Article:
A Country House in Provence, France

23 Sep

You’ve seen those French movies. There is always a point where an extended family or group of gorgeous young things gather for summer holidays in a rambling, old stone house surrounded by gardens, an orchard, or maybe vineyard, deep in the countryside. Long sunny lunches on the terrace, games of boules with glass of Pernod in hand and much love and laughter against a soaring soundtrack…..

We stepped into our version of that movie this week in Provence.

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Courtesy once again of John L and his online research, we’re renting an authentic 1832 Provencal Mas (local stone house) near the perched village of Mons, two hours into the hills from Nice airport. It’s the second home of a French-German family. We booked to stay here with John, Marg, Michel and Charles in early May but spent that week in Northwick Park Hospital instead. Their report was glowing. The house was available this week so we jumped on Easyjet and here we are!

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We have the company of Alastair, a university friend of Stuart’s and his wife Lynn, a behavioural medicine academic who live in New Jersey. Stu and Alistair have shared three motorcycling holidays in Europe in recent years but we’d not all holidayed together before. Happily the mix worked well. Hard to imagine how it wouldn’t in this wonderful family home.

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Mons, Provence is completely unspoilt. The tortuous, steep and narrow roads taken to reach it have a lot to do with that. They keep out the day trippers, tourist coaches and campervans. Cyclists pose an additional hazard but we’re inured to them. Local houses are either second homes such as ours or owned by retired Europeans who wish to live a simple, quiet life in the sun. And quiet it is. The sound of a neighbour sawing firewood for winter is the only man-made noise we hear.

Our house on three levels sleeps eight, while the small detached cottage beside it sleeps three, so we virtually have a floor each. Its large well-equipped country kitchen is a converted cow byre (the feed trough is the giveaway). The family must have some huge gatherings here. Stu counted 18 egg cups and double that number of plates. Lynn and I take our afternoon tea in delicate pink and green patterned Limoges china.

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Outside we have at least five charming spots for meals and tea/coffee depending on the time of day and our mood. The dappled shade of the wisteria bower is preferred for long lunches. Provisioning is easily done in the local markets or down the hill at Callian supermarket and we share duties amicably. Lynn is in her element in the kitchen concocting delicious meals. Sample menu – last night: Honeydew melon starter followed by a New Orleans inspired spicy prawn dish called BBQ Shrimp finished with French apple cake (see photo).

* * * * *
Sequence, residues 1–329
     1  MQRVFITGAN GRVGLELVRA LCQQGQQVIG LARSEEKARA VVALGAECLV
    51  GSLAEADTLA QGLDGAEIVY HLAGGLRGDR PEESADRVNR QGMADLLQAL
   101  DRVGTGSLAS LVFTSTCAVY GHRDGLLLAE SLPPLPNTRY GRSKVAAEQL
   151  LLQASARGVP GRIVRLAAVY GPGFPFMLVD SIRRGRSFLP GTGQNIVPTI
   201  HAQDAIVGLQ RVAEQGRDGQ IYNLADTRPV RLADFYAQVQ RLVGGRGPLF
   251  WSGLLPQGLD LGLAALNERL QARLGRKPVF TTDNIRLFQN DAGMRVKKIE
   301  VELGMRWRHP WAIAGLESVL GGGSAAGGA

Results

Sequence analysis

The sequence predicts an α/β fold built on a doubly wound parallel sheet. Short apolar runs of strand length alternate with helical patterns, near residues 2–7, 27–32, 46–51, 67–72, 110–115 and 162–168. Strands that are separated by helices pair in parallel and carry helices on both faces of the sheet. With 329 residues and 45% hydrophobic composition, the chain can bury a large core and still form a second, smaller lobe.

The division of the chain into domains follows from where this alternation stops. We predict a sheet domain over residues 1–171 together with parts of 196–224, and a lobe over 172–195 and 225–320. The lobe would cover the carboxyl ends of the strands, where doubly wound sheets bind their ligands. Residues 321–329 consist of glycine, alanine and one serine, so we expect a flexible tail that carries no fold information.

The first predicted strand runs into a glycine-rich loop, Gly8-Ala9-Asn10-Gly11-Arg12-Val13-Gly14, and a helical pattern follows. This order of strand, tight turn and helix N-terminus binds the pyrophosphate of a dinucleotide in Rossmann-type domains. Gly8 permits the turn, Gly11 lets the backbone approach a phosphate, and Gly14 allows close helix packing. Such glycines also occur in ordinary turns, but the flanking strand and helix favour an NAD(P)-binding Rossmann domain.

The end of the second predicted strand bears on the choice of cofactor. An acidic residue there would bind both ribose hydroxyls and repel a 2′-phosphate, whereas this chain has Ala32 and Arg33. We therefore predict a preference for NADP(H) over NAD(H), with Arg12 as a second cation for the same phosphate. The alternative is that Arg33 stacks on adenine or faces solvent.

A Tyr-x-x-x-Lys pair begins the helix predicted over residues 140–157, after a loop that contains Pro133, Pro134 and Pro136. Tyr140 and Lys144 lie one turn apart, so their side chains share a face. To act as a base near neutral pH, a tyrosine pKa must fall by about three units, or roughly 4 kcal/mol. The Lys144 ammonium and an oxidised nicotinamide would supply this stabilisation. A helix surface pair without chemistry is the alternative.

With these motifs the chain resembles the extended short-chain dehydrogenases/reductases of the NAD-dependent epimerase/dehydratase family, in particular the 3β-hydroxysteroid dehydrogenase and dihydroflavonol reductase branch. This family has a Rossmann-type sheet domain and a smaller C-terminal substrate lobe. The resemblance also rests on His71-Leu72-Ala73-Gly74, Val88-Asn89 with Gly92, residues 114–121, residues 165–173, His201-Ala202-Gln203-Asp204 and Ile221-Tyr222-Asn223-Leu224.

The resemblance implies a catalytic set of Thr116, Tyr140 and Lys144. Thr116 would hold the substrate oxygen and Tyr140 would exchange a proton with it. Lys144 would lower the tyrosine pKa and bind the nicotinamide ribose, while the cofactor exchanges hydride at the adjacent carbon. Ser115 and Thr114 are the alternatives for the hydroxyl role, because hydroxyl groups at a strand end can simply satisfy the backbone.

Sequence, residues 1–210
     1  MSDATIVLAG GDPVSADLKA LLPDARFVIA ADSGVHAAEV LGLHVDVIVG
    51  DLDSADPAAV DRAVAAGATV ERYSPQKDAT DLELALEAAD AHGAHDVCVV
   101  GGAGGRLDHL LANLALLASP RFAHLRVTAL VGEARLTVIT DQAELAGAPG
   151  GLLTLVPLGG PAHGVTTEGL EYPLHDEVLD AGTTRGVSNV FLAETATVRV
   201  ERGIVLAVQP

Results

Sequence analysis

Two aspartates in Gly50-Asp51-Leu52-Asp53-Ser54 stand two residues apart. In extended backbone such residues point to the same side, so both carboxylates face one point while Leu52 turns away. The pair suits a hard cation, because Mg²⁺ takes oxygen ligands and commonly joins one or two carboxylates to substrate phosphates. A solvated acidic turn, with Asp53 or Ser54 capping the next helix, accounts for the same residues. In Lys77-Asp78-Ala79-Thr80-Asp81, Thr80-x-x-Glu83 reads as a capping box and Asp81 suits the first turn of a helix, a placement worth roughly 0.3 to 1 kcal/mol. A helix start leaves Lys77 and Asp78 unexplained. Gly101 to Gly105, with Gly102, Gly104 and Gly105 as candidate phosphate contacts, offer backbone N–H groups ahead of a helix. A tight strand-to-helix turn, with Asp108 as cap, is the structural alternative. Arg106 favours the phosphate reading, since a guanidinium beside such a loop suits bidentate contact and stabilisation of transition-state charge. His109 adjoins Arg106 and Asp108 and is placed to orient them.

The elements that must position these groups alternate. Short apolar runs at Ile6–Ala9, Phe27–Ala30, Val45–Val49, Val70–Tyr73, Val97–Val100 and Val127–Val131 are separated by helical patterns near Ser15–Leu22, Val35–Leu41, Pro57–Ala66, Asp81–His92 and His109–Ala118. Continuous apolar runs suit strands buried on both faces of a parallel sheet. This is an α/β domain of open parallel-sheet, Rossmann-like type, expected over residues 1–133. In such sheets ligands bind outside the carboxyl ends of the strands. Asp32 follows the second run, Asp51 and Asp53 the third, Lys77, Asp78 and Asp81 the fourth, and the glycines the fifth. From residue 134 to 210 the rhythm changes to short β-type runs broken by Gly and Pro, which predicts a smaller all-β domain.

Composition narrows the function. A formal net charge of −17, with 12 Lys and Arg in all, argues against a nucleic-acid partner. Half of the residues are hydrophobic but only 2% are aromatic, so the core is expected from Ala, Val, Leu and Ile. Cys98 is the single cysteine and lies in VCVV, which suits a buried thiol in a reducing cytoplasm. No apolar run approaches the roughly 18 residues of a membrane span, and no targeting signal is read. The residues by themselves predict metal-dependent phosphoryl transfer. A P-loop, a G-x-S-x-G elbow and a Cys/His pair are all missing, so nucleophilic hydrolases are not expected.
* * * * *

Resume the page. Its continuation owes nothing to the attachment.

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An extra mealtime companion appears in the form of a neighbour’s sweet reddish brown and white spaniel who lies by our feet ever hopeful of tidbits from the table. We’re under strict instuctions not to feed her so we give her extra love instead.

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Much of the fruit we eat is plucked from our orchard or gathered by the roadside. Figs are especially popular. We eat them straight from the trees. Apple, quince, plum and olive trees line the terraced rear garden and on our daily walk/jog we pick blackberries for apple and blackberry compote and crumble.

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With our own swimming pool (Alastair makes the most use of it as he seems impervious to the cold), table tennis, boules, and chess ‘the boys’ have been kept busy but there’s been plenty of time to visit Mons, Callian, Fayence and St Cezaire for leisurely coffees and meanderings. Walking home from Mons we came across the studio of a glass blower who allowed us to watch him at work. He and his assistant were a study in carefully choreographed movement, silently dancing around each other, twirling the pole in the fire and applying tongs and paddles, to make the plain blob of glass blossom into a delicate, swirling pink lampshade. We bought a mesmerising deep blue-green flask to hold our memories of Mons.

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This series I call ‘Les garcons seront toujours les garcons!’

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Sadly it’s the last day of our Provencal idyll. We have a full agenda. Lunch and boules in St Cezaire then a last supper at home followed by a Baroque music concert in the Notre Dame church in Callian.

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Tomorrow we drive to Nimes for a couple of days while Alastair and Lyn head to Geneva for their flight home. Cue violins and roll credits…..

Seeking funding for the sequel.

(Final photo shot by Alastair)

Next blog: Bucolic England, the Album

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2 Responses to “A Country House in Provence, France”

  1. Linda December 13, 2012 at 4:09 pm #

    I recognise those faces!! How long has it been? And we were in Australia last Christmas and New Year. Could have met up if we had known! Hope you are all well. Love Linda Haggarty

    • Sharon Tickle December 13, 2012 at 9:32 pm #

      What a shame Linda, would have been a blast!

      Where are you based now? UK?

      Sharon

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